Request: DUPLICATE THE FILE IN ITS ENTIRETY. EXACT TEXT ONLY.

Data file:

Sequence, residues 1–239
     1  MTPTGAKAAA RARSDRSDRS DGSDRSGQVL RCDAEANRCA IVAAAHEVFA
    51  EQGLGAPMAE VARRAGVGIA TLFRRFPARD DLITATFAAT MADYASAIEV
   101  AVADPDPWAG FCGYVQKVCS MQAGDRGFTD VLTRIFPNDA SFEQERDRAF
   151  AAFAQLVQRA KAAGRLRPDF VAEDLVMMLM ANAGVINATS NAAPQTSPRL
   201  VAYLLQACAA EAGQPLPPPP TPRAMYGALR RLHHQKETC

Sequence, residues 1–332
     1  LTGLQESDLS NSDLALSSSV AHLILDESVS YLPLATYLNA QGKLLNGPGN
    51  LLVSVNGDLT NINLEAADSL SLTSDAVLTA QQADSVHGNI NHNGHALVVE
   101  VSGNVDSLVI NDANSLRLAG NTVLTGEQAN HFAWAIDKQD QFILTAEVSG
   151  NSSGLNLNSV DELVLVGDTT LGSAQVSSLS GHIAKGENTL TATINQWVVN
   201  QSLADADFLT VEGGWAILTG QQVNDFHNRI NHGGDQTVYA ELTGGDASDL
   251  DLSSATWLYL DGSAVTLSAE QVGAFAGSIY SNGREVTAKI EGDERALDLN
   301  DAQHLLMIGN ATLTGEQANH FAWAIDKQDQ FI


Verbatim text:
Sequence, residues 1–239
     1  MTPTGAKAAA RARSDRSDRS DGSDRSGQVL RCDAEANRCA IVAAAHEVFA
    51  EQGLGAPMAE VARRAGVGIA TLFRRFPARD DLITATFAAT MADYASAIEV
   101  AVADPDPWAG FCGYVQKVCS MQAGDRGFTD VLTRIFPNDA SFEQERDRAF
   151  AAFAQLVQRA KAAGRLRPDF VAEDLVMMLM ANAGVINATS NAAPQTSPRL
   201  VAYLLQACAA EAGQPLPPPP TPRAMYGALR RLHHQKETC

Sequence, residues 1–332
     1  LTGLQESDLS NSDLALSSSV AHLILDESVS YLPLATYLNA QGKLLNGPGN
    51  LLVSVNGDLT NINLEAADSL SLTSDAVLTA QQADSVHGNI NHNGHALVVE
   101  VSGNVDSLVI NDANSLRLAG NTVLTGEQAN HFAWAIDKQD QFILTAEVSG
   151  NSSGLNLNSV DELVLVGDTT LGSAQVSSLS GHIAKGENTL TATINQWVVN
   201  QSLADADFLT VEGGWAILTG QQVNDFHNRI NHGGDQTVYA ELTGGDASDL
   251  DLSSATWLYL DGSAVTLSAE QVGAFAGSIY SNGREVTAKI EGDERALDLN
   301  DAQHLLMIGN ATLTGEQANH FAWAIDKQDQ FI